Dwindling opportunities for writers are also evidenced by the smaller and smaller windows Christian publishers have open these days. All one has to do is look at young adult fiction for an example of what I’m talking about. It seemed that was all anybody wanted a few years ago as they tried to ride the Harry Potter and Twilight bandwagons. Now, when you attend a Christian writer’s conference, you’ll be hard-pressed to find a publisher who wants to even look at YA.

So, what’s an author to do? Keep writing. Continue to develop wholesome stories. Stories can exemplify truth without being blatantly snooty about it. Biblical truth can be woven into a story without taking on the form of a sledgehammer. They can be realistic without being grotesque or sappy. But they can’t be written if you don’t keep writing. They can’t be published if you don’t keep submitting them for consideration.

So, what are you waiting for? The writers of the movie Gosnell are assuredly discouraged by what’s occurring, even though I’m sure they knew this might happen. However, I wonder how many people, who have seen the movie so far, will have their lives changed for eternity because these folks took a chance?

Will you “chance it,” too?





30 Days Hath Revenge

A Clandestine Mission.
A Cryptic Message.
A Chaste Promise.

Blake Meyer dreamed of a peaceful end to a dutiful career with the FBI. Married now, his life was taking him in a new direction—a desk job. He would be an analyst. Ride it out until retirement. Be safe so he could enjoy his grandchildren someday.

But when a notable member of the IRA is murdered in a London flat, Blake’s secretive past propels him into the middle of a vindictive, international scheme so hellish and horrific, it will take everything Blake possesses—all of it—to save the United States from the most diabolical terrorist attack to date.




C. KEVIN THOMPSON is a husband, a father, a grandfather, and a kid at heart. Often referred to as “crazy” by his grandchildren, it’s only because he is. He’s a writer. Need he say more?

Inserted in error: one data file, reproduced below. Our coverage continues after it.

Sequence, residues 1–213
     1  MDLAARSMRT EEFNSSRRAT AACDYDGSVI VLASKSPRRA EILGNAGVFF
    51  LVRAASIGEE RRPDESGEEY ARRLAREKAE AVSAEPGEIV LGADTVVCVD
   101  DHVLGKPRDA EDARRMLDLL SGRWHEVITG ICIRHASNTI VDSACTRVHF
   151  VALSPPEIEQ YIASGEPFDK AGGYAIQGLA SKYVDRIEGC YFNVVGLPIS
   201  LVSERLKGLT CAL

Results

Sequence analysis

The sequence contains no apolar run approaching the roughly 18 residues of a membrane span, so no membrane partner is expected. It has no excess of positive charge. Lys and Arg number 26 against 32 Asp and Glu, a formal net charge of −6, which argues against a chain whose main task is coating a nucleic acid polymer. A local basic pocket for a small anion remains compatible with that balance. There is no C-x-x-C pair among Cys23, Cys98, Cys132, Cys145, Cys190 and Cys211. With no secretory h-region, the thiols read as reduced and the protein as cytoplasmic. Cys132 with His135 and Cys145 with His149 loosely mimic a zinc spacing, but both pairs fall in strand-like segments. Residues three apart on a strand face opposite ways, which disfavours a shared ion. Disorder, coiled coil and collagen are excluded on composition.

The first three books of his Blake Meyer Thriller series are out! Book 1, 30 Days Hath Revenge; Book 2, Triple Time; and Book 3, The Tide of Times, are now available! Book 4, When the Clock Strikes Fourteen is coming soon! Also, the second edition of his award-winning debut novel, The Serpent’s Grasp, is now available!

Kevin is a huge fan of the TV series 24, The Blacklist, Blue Bloods, NCIS, and Criminal Minds, loves anything to do with Star Trek, and is a Sherlock Holmes fanatic, too. It’s quite elementary, actually.

Kevin’s Writer’s Blog: www.ckevinthompson.blogspot.com/
Twitter: @CKevinThompson
Goodreads: C. Kevin Thompson






4 comments:

  1. Thanks for your post. A realistic and balanced look at what we're dealing with as writers. I needed to hear that this morning. As Christians we need to keep speaking the Truth and sharing our experiences and stories. Thanks for the encouragement.

    ReplyDelete
    Replies
    1. Joanne, Keep writing! Your "House" stories are sure to reach souls for eternity!

      Delete
  2. Hello i am kavin, its my first time to commenting anywhere, when i
    read this paragraph i thought i could also make comment due to this good piece of writing.

    ReplyDelete